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  2. Stacey, this is spot on! Yes! Our fibro brains tend to the pain first, everything else is secondary. Speech, walking, sleep… all secondary but affecting the brain. I went through a period of time when my family thought I was drunk all the time! I mean, I couldn’t talk and I would stumble from time to time. (I wish I had been drunk, then I’d have a fun reason!) Bravo for your son forwarning his girlfriend. I would have preferred having an answer at the beginning of these difficulties so I could’ve headed off some insults! ~Kim

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    1. Kim, thanks SO much for coming back and reading again. I’m really glad you liked my post. My incoherent speech and randomly falling over are now the running jokes in our family, but there was a time when it really hurt and embarrassed me. As if everything else wasn’t overwhelming enough, it’s as if you suddenly lose your intelligence and capabilities too. This has been one of the life changing answers I’ve gotten, so I try to write about the things I’ve learned or wish I knew all along. That way, I’m hopefully helping out others that are struggling with the same!! Love your comments!! ~Stacey

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      1. You are doing a great service, advocating for fibromyalgia Awareness! We all search for answers, many times they come after the damage has been done. So, together, we can maybe help the next lot of fibro warriors not be so misunderstood. It does hurt, emotionally, when we are mocked for things we do, not knowing why. We beat ourselves up enough! We know what we can no longer do. We are aware. You are an excellent blogger! You will help many! May I share this post? 😊

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      2. Thanks so much Kim, I would be honored!! Please share away!!!
        And you’re right, together we can change and improve it for others. That’s precisely what this is all about; helping others and living with purpose.
        I’m in excellent company with you.

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  3. 14 Year Fibro.Fighter…
    It does Get Frustrating. Can Be Embarrassing.. Hurts When Mocked by Others..

    Thankyou for Sharing..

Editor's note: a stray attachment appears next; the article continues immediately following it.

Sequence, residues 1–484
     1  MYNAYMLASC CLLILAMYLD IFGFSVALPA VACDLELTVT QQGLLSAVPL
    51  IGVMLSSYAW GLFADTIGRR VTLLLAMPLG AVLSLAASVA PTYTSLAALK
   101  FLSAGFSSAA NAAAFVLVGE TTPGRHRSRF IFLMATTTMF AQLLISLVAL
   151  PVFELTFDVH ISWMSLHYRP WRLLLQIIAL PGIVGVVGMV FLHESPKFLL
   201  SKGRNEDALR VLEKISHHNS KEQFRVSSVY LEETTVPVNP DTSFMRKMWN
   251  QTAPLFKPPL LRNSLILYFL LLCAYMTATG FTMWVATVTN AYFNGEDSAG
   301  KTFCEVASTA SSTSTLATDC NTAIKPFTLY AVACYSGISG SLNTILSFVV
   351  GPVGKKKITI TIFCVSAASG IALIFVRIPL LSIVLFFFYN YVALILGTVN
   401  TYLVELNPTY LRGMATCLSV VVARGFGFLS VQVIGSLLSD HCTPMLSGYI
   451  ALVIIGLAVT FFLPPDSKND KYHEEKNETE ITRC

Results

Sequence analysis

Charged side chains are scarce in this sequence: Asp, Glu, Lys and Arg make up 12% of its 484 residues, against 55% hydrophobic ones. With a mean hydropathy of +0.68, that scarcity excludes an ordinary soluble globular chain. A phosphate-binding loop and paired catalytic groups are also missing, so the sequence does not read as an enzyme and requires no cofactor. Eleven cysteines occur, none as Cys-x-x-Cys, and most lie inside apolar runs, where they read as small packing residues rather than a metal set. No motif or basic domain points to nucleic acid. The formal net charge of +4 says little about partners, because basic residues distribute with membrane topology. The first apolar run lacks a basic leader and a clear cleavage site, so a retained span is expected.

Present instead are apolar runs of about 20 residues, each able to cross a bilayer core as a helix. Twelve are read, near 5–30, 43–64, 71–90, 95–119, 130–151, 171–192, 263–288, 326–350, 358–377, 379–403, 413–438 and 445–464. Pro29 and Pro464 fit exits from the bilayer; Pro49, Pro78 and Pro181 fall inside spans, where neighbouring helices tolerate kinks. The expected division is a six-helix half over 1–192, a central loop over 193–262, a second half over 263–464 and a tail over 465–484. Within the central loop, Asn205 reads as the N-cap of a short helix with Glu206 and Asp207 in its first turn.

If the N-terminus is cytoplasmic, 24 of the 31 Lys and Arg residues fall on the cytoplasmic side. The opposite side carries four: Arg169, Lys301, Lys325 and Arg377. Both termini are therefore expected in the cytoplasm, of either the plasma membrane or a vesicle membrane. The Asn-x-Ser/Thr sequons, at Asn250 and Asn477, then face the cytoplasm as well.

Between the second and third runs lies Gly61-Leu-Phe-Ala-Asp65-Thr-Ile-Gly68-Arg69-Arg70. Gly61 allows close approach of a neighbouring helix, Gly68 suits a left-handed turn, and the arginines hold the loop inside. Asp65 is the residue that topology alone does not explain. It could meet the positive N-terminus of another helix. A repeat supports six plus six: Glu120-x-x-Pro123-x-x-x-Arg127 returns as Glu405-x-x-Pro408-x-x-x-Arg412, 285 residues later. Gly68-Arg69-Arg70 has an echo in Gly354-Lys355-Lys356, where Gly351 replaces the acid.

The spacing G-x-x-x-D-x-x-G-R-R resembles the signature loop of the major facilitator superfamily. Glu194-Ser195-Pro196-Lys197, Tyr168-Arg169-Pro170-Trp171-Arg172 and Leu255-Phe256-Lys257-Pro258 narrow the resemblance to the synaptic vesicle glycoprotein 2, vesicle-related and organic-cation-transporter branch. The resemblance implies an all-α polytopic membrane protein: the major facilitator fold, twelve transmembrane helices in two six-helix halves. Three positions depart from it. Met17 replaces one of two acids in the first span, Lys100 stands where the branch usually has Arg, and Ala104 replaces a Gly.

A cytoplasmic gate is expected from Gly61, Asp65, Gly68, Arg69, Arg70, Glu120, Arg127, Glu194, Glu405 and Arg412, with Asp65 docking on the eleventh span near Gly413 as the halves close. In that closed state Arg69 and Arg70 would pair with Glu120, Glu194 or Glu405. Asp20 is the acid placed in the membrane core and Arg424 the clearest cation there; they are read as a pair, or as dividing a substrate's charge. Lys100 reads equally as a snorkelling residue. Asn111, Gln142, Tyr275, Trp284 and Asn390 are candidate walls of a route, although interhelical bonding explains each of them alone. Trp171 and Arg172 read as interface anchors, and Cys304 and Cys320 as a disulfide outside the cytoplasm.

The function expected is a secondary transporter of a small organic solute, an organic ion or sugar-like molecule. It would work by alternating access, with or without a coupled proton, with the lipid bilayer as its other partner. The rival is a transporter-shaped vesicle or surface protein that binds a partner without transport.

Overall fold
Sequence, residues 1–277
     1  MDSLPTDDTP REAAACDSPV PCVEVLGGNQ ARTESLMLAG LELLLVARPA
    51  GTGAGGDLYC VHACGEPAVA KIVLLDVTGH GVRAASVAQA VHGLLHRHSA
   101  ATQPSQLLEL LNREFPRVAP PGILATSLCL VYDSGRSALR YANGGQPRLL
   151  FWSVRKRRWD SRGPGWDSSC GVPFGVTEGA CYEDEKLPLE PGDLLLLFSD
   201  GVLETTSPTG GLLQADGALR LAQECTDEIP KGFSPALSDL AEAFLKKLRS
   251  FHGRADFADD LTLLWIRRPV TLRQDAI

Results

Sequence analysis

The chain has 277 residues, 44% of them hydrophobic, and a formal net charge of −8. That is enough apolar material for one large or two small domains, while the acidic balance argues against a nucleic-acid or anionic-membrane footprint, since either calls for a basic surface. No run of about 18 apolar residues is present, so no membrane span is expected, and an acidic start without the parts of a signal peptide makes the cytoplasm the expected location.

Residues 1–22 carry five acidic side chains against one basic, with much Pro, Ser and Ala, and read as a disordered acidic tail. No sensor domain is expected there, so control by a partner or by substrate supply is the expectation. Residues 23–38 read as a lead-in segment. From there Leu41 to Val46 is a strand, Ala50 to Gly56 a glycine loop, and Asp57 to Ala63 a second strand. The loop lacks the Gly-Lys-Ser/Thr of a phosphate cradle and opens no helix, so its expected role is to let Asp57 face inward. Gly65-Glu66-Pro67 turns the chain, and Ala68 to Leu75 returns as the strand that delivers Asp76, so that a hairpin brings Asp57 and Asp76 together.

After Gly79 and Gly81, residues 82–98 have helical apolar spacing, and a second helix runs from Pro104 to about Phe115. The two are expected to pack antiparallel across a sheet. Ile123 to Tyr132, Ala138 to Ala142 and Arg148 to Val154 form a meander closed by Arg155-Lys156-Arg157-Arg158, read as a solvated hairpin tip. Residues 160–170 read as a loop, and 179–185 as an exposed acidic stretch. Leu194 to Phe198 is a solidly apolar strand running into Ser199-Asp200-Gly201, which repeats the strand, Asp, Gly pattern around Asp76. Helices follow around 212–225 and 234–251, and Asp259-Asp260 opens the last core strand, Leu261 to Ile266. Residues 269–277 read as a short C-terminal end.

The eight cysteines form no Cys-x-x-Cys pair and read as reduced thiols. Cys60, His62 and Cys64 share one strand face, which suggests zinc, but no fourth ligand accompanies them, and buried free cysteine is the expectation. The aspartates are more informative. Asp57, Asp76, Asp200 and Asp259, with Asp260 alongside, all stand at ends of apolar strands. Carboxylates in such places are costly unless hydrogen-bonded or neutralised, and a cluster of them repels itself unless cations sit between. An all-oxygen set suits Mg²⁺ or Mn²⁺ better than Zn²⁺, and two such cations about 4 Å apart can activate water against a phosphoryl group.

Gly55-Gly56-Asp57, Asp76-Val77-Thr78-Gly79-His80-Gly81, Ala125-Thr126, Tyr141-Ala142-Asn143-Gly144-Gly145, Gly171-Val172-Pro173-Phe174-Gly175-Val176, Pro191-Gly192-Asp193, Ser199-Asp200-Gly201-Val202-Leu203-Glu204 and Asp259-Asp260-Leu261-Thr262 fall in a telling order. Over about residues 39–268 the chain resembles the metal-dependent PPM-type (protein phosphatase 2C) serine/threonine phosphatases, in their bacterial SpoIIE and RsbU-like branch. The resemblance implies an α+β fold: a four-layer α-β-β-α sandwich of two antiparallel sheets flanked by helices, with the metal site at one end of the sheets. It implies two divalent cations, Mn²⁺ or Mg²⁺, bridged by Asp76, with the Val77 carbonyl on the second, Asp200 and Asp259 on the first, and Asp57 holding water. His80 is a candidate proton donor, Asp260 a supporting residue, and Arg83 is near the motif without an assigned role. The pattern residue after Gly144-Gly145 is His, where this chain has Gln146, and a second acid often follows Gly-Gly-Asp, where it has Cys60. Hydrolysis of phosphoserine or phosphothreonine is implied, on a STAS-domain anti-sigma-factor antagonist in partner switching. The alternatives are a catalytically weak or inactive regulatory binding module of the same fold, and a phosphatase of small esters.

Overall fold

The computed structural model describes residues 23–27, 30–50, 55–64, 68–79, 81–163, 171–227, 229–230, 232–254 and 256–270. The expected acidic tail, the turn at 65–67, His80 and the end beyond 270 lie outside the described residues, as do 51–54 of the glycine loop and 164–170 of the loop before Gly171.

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    1. 14 years. Wow. God love you. I know how it feels to experience all the emotions you do. It’s hard to live with all this-it goes far beyond just “being sick”. I hoped, when I wrote this, that maybe explaining why, for some people, might help. I’m grateful you read and commented. Thank you so much!!

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  4. Hi Stacey. Thk you so much for your post. I’ve always had symptoms of fibro, but they got worse in my twenties. I am 36, so people look at me like I am this incompetent young lady and wonder why the heck she can’t speak right. [Even me typing takes some time]My spouse who is divorcing me and who I’ve been trying to reconcile with, but now I am finally saying no more taking him back. He has made fun of me when I can’t seem to get the right word or pronounciation of a word right even when it’s at the tip of my tongue. That puts a lot of pressure on me and stress and I just tell him “You know what I mean!?”. He plays dumb w me and it is very upsetting that your spouse even after telling him your speach problem just doesn’t believe you.
    I have been practicing opening my mouth more and repeating to myself [when I can remember…another symptom, brain fog] a word or idea that I find myself encountering a lot. It helps some. Made me cry to hear this is not just the way I feel bc there are so many people who still don’t believe we have a chronic illness bc we don’t have a missing limb.